This Kat has also heard from Karen Grill (Patent Watch Online) that she has arranged her collection of over 60 different scam letters in a "visual" format, which she has posted for the delectation of this blog's readers (and others!) here. Adds Karen, "If you have any others or know of other sources, I would be glad to add them to the wall". Adds Karen (whom you can email here):
"I worked at an R&D company where we routinely received these letters addressed to the "Patent Department" or "IP Office". We, of course, ignored them. One day, our accounting department came to us with an invoice and cheque, ready to pay the fee from one of these letters. We were shocked that they had begun sending the letters directly to the "Accounting Department." We were lucky that our accountant checked with us first. But I can imagine other companies easily paying these official looking invoices - and falling victim.
I hope that this display will help lawyers, or more likely, inventors and small businesses avoid becoming victims".A big katpat to Karen for her efforts! Merpel adds, is the fact that most of these letters are in English related to the perception that English-language businesses are more gullible, or do our brothers in France, Spain and beyond suffer from the same problems?
|Europe's trade mark|
practitioners don't need to go
to China to be baffled. They've
just emerged from the EU's
Year of the Rabbit
PLT Notification No. 34. The story runs like this:
"The Director General of the World Intellectual Property Organization (WIPO) presents his compliments to the Minister for Foreign Affairs and has the honor to notify the deposit by the Government of Bosnia and Herzegovina, on February 9, 2012, of its instrument of accession to the Patent Law Treaty, adopted in Geneva, on June 1, 2000.Oh why can't we can't something a little more cuddly, plus hyperlinks to (i) the Patent Law Treaty and (ii) the list of countries which have signed up for it?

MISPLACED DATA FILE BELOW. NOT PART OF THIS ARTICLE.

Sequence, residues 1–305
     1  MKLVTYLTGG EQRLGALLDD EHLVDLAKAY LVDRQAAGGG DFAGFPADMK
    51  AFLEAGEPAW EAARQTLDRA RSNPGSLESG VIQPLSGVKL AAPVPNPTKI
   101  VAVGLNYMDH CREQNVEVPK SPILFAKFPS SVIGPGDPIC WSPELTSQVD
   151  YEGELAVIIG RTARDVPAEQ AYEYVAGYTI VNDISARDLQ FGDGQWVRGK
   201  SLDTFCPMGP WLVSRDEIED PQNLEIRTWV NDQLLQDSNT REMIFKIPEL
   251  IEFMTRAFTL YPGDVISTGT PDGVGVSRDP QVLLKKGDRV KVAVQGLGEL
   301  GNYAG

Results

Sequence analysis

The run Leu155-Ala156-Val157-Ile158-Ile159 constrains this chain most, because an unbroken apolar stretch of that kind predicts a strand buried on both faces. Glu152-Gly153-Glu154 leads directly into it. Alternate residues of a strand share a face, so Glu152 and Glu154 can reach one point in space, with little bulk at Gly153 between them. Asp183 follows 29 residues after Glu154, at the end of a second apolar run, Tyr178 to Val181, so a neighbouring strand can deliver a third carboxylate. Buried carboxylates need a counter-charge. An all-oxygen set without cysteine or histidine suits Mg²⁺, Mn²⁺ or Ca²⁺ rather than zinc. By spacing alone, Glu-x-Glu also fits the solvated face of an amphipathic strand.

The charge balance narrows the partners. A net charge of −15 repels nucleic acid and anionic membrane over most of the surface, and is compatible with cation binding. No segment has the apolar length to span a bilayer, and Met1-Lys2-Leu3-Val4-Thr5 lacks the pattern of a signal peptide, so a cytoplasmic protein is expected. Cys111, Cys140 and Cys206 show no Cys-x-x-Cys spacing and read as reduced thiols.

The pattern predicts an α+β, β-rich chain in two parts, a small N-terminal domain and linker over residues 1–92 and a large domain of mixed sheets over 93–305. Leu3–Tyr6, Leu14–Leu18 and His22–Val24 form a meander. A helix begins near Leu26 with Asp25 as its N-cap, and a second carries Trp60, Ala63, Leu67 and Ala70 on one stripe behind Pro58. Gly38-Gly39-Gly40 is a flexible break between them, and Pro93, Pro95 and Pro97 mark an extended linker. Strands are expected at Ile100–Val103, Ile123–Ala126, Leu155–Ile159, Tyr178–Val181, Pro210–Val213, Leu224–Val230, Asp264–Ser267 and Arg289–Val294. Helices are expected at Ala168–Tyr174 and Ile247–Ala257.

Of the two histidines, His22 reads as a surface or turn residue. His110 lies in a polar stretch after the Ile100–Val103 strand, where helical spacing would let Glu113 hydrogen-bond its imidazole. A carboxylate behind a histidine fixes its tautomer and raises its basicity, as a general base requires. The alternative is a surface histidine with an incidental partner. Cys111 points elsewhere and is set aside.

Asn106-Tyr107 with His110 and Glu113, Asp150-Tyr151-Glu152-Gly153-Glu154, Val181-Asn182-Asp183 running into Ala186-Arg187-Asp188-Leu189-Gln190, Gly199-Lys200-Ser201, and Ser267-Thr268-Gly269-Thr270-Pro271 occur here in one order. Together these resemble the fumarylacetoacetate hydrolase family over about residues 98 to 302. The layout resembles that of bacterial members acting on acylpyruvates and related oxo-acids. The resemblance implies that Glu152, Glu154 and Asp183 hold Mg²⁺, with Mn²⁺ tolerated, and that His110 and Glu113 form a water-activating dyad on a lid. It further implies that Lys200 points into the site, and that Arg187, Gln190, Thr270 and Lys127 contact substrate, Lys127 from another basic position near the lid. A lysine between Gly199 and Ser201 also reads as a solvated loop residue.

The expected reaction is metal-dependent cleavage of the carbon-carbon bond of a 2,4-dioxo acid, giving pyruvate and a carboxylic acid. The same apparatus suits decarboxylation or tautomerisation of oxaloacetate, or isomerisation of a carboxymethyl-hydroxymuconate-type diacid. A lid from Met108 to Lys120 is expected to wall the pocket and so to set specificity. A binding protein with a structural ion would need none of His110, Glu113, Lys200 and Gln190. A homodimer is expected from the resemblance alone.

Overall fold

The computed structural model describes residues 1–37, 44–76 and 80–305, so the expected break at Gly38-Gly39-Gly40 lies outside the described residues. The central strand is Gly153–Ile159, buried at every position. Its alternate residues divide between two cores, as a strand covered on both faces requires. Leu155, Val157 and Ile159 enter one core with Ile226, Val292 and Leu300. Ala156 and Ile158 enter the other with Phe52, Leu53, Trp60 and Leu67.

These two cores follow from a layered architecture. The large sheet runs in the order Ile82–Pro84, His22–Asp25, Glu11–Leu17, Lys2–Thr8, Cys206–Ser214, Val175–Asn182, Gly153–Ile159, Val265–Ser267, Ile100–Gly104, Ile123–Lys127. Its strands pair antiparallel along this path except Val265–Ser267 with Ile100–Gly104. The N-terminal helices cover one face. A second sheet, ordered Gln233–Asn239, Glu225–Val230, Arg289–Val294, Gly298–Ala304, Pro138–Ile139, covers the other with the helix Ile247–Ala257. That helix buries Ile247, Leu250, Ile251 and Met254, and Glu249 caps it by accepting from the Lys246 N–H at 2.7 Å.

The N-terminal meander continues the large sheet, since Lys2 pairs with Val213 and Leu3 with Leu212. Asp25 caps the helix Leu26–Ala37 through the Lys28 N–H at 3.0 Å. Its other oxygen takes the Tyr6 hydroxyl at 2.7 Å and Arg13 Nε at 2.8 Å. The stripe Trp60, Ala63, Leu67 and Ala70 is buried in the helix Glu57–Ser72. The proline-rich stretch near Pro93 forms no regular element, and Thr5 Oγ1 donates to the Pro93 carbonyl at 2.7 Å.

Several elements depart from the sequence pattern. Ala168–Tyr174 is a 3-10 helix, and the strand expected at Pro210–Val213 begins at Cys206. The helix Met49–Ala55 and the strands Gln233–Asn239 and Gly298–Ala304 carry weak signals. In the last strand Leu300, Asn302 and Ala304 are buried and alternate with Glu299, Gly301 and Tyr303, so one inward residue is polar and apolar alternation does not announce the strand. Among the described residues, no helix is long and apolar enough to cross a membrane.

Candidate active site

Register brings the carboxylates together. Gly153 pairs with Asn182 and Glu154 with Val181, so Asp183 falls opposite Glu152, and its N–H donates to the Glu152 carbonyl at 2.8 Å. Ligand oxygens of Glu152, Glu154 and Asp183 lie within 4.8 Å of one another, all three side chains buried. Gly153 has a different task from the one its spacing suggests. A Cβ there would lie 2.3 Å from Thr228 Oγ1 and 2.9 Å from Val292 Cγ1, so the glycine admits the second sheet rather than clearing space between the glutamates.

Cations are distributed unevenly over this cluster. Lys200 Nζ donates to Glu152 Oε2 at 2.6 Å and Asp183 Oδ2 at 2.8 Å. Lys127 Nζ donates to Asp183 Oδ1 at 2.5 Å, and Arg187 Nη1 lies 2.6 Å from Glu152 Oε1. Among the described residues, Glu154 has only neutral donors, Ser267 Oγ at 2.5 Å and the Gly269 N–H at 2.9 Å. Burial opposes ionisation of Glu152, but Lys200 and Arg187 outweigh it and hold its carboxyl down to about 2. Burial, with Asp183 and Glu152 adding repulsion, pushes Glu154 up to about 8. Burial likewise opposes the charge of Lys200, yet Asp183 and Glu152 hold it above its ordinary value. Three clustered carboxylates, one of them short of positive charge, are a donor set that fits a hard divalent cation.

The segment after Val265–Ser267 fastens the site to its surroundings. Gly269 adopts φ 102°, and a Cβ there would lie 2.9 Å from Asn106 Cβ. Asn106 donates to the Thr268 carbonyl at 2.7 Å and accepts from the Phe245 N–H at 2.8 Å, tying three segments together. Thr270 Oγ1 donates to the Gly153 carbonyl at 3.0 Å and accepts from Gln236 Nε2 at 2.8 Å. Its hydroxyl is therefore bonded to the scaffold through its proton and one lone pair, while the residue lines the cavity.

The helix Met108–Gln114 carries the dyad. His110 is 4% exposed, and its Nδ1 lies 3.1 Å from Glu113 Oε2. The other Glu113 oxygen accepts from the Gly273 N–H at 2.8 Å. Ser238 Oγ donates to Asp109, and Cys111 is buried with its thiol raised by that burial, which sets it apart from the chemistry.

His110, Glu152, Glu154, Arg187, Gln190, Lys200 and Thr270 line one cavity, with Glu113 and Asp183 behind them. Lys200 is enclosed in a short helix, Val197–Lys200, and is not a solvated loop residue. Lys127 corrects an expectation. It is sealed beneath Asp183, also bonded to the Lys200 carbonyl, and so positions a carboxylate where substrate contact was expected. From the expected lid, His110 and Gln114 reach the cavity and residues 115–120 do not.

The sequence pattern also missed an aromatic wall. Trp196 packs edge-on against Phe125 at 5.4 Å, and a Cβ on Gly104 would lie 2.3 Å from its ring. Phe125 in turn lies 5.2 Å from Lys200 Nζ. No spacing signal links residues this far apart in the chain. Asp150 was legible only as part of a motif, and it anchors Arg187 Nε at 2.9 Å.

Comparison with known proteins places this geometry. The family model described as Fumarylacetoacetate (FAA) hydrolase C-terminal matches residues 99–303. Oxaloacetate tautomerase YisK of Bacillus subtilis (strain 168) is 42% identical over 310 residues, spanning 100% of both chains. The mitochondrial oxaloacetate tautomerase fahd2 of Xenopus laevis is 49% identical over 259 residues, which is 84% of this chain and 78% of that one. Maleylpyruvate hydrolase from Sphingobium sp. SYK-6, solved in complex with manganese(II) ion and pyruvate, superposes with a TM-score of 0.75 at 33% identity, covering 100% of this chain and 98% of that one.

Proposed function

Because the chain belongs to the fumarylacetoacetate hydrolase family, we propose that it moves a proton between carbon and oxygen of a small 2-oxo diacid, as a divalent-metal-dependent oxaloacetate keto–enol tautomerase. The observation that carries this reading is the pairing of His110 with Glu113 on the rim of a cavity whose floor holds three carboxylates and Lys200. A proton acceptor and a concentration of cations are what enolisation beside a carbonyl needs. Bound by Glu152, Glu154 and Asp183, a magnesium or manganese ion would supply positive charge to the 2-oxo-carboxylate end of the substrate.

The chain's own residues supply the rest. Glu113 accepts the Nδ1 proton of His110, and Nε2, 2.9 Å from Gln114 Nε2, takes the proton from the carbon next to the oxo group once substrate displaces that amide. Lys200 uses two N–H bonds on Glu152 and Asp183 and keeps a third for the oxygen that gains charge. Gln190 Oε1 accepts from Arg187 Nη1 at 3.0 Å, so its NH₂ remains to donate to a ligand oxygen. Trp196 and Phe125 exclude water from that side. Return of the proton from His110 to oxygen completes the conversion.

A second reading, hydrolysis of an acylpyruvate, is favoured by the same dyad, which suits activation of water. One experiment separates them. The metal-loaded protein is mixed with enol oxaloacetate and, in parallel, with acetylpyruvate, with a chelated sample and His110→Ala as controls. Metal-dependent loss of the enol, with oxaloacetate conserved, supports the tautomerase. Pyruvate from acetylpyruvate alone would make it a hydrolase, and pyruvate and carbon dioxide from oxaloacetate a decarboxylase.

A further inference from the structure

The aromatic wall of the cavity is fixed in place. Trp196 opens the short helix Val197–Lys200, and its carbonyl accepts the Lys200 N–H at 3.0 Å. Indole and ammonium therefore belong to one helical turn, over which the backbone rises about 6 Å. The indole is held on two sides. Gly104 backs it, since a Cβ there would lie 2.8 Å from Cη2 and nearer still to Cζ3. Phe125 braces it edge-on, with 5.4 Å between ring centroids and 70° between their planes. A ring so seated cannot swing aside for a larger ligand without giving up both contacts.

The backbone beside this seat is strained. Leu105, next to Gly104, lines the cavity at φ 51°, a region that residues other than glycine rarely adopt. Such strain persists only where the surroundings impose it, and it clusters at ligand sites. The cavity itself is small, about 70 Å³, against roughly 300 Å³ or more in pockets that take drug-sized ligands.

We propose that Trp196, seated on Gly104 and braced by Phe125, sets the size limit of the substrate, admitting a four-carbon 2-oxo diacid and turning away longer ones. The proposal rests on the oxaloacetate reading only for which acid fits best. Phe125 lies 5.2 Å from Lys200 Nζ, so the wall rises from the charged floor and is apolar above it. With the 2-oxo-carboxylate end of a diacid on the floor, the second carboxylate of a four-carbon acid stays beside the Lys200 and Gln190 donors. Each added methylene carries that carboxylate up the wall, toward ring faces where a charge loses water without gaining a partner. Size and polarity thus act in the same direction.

The said Treaty will enter into force, with respect to Bosnia and Herzegovina, on May 9, 2012".
Catching up on their emails, the IPKat and Merpel have just discovered news of yet another juicy trade mark dispute which the German Bundesgerichtshof has decided to refer to the Court of Justice of the European Union (CJEU): it's Case C-12/12, better known to people who can't even remember easy case numbers as Colloseum Holding AG v Levi Strauss & Co. At stake is the deeper meaning of Article 15(1) of Council Regulation 40/94 on the Community trade mark [yes, it was repealed and replaced yonks ago, but it was presumably still in force when this litigation kicked off]: can it be interpreted as meaning that a trade mark which is part of a composite mark and which has become distinctive only as a result of the use of the composite mark can be used to preserve the rights attached to it if the composite mark alone is used. The precise verbal formula, according to the website of the United Kingdom's Intellectual Property Office, runs like this:
"Is Article 15(1) of Regulation ... 40/94 to be interpreted as meaning that:
a trade mark which is part of a composite mark and has become distinctive only as a result of the use of the composite mark can be used in such a way as to preserve the rights attached to it if the composite mark alone is used?
a trade mark is being used in such a way as to preserve the rights attached to it if it is used only together with another mark, the public sees independent signs in the two marks and, in addition, both marks are registered together as a trade mark?".If you either think you know the answer and/or think the United Kingdom should get stuck in and make representations to the CJEU, you can email Carol Jenkins at firstname.lastname@example.org -- but you have to do so before Friday 24 February 2012.
Around the weblogs. The tireless Kingsley Egbuonu, trekking round official IP websites throughout his A to Z tour of Africa on behalf of Afro-IP, has now reached Namibia, from which he has some good news (here). The same blog is conducting a poll as to whether the African IP Summit agenda is lacking a development dimension: you can find the poll here. On IP Draughts, Mark Anderson asks: "When should researchers be allowed to copy each other's work?" Down on IP Finance, Charles Kerrigan strikes a gently optimistic note in discussing prospects for IP security-based media and technology finance here.